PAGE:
Military drones beyond targeted killing: The case of Israel

The emergence of unmanned aerial vehicles (UAVs), or “drones” as they are more popularly known, is one of the most widely discussed developments in contemporary security and military affairs. So far, the academic literature on drones has been heavily focused on what is usually known as “targeted killings” in the context of the US-led war on terror. This focus, however, is not representative for how the vast majority of drones are de facto used in military operations. On the contrary, most drones are not used for targeted killings but for what in military parlance is known as ISTAR tasks, i.e., for the purposes of intelligence, surveillance, target acquisition, and reconnaissance.  

The more conventional literature on military drones often seeks to extract drones from the wider social forces that enable or disable their use in particular contexts. To examine the ways in which drones change warfare, however, my contention is that a different approach is needed – one which is simultaneously historical, technological and social, where the drone is inserted into an assemblage of technology, tactics and wider societal forces.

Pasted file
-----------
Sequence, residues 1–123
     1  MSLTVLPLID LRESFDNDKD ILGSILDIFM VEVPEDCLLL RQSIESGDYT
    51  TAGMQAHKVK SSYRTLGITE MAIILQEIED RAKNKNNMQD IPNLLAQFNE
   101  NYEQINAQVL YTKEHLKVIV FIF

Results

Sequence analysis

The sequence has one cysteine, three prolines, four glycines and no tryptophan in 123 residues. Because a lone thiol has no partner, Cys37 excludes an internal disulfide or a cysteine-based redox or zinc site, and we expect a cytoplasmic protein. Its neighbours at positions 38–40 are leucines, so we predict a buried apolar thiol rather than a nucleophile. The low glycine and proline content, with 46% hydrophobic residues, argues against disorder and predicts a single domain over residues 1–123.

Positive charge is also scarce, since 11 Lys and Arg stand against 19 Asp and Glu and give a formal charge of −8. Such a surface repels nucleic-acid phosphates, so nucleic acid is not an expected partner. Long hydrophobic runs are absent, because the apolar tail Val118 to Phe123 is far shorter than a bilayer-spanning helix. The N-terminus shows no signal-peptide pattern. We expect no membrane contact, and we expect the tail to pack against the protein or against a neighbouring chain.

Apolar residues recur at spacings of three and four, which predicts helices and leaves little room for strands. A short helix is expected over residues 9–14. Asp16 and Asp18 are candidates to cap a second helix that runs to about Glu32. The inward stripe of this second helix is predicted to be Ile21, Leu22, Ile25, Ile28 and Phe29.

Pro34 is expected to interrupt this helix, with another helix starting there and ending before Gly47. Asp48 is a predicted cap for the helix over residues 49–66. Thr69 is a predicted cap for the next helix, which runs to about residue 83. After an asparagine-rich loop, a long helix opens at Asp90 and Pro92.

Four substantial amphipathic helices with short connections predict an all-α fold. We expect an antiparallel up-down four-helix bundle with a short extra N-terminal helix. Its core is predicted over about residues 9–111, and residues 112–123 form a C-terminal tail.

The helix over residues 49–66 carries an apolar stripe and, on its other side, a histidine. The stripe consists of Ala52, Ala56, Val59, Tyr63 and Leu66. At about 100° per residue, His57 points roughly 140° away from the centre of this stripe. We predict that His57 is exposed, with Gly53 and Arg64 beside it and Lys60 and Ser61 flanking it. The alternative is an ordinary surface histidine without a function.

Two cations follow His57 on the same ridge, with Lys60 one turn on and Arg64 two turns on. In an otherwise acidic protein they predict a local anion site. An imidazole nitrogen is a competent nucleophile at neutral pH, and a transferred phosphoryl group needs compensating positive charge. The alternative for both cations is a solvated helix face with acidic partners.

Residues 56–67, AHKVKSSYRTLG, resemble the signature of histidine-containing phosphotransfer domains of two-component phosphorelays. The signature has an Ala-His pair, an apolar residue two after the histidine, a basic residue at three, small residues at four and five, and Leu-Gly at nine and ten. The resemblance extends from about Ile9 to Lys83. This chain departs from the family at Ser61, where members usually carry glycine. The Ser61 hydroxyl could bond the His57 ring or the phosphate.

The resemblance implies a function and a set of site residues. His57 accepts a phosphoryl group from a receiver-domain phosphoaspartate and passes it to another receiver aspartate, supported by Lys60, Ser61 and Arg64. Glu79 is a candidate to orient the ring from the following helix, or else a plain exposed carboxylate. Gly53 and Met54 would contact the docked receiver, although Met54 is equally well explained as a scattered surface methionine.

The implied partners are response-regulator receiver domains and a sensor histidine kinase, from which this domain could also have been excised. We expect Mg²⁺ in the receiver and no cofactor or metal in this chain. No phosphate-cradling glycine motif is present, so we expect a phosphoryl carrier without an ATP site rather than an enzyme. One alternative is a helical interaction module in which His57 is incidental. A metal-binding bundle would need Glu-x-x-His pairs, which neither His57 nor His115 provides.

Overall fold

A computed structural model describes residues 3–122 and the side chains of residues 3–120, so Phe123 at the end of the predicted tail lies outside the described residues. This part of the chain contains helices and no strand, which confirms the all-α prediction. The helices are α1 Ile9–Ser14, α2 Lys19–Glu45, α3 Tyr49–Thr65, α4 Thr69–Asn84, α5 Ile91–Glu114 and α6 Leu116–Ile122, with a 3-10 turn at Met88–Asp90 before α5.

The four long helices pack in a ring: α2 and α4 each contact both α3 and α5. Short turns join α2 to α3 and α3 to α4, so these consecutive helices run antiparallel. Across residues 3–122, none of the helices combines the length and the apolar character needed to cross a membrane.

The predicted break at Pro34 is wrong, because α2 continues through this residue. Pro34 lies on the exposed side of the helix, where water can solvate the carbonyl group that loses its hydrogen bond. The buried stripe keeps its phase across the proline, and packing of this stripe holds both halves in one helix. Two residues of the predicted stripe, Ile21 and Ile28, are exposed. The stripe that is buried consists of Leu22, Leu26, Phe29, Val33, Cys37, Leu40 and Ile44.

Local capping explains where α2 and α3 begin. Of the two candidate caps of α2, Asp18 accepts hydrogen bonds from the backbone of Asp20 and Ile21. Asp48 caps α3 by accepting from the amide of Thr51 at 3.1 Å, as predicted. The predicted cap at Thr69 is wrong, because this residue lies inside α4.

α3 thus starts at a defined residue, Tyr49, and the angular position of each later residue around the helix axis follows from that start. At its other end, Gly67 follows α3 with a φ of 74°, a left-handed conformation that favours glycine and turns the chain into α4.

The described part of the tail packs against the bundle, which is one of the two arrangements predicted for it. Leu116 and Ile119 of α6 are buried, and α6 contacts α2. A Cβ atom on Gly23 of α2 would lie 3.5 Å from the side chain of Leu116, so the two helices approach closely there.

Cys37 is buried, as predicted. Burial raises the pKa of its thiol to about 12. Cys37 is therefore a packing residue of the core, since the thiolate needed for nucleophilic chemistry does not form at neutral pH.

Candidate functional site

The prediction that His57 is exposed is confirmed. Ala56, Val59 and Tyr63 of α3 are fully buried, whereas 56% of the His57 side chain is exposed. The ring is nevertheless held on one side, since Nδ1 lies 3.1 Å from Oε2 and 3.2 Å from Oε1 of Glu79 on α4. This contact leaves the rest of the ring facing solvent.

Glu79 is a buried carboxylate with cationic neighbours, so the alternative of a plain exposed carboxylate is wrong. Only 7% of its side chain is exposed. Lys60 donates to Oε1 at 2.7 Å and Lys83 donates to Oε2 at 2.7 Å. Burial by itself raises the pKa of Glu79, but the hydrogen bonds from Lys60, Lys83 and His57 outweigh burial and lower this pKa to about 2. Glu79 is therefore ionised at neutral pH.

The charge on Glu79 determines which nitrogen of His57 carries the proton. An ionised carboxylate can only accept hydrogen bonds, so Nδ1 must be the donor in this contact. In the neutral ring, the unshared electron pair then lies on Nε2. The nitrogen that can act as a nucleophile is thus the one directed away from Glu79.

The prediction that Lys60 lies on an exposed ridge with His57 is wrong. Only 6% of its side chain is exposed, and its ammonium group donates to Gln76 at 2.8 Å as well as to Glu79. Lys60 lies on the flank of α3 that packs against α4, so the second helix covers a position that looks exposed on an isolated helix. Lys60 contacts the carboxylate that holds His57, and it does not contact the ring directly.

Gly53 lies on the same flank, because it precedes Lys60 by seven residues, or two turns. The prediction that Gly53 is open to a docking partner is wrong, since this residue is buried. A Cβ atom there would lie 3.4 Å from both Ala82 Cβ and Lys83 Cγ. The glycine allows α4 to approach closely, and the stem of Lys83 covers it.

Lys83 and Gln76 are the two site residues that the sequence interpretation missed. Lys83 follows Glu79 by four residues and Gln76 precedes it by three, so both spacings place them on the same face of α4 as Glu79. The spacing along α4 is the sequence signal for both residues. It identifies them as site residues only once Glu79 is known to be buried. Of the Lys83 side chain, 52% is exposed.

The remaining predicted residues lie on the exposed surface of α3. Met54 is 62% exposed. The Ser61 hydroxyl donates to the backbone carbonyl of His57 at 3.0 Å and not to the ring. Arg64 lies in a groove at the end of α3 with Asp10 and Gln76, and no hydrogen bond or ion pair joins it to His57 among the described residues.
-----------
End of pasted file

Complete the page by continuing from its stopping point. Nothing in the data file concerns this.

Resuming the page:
”the use of drones enables drawn-out, low-intensity conflicts”

In a recently published piece in Security Dialogue, I take such an approach to Israeli drone warfare. I examine the changing roles played by drones in the Israeli Defence Forces (IDF) and the difference that the emergence of UAVs has made to practices of Israeli warfare. The vast majority of drones in the IDF are unarmed with the primary function of providing intelligence by means of conducting so-called loitering surveillance. The broader importance of the drone, the Israeli experience shows, is not primarily its use as an armed platform but rather as a provider of ISTAR, to assist the targeting process. Having examined the emergence and development of the Israeli drone program, I argue that drones have enabled operational sustainability over a long period of time, precisely since both one’s own and civilian casualties may be kept limited and stretched out over, rather than concentrated in, time. In that way, the use of drones enables drawn-out, low-intensity conflicts, of the kind we have witnessed on the Gaza Strip. 

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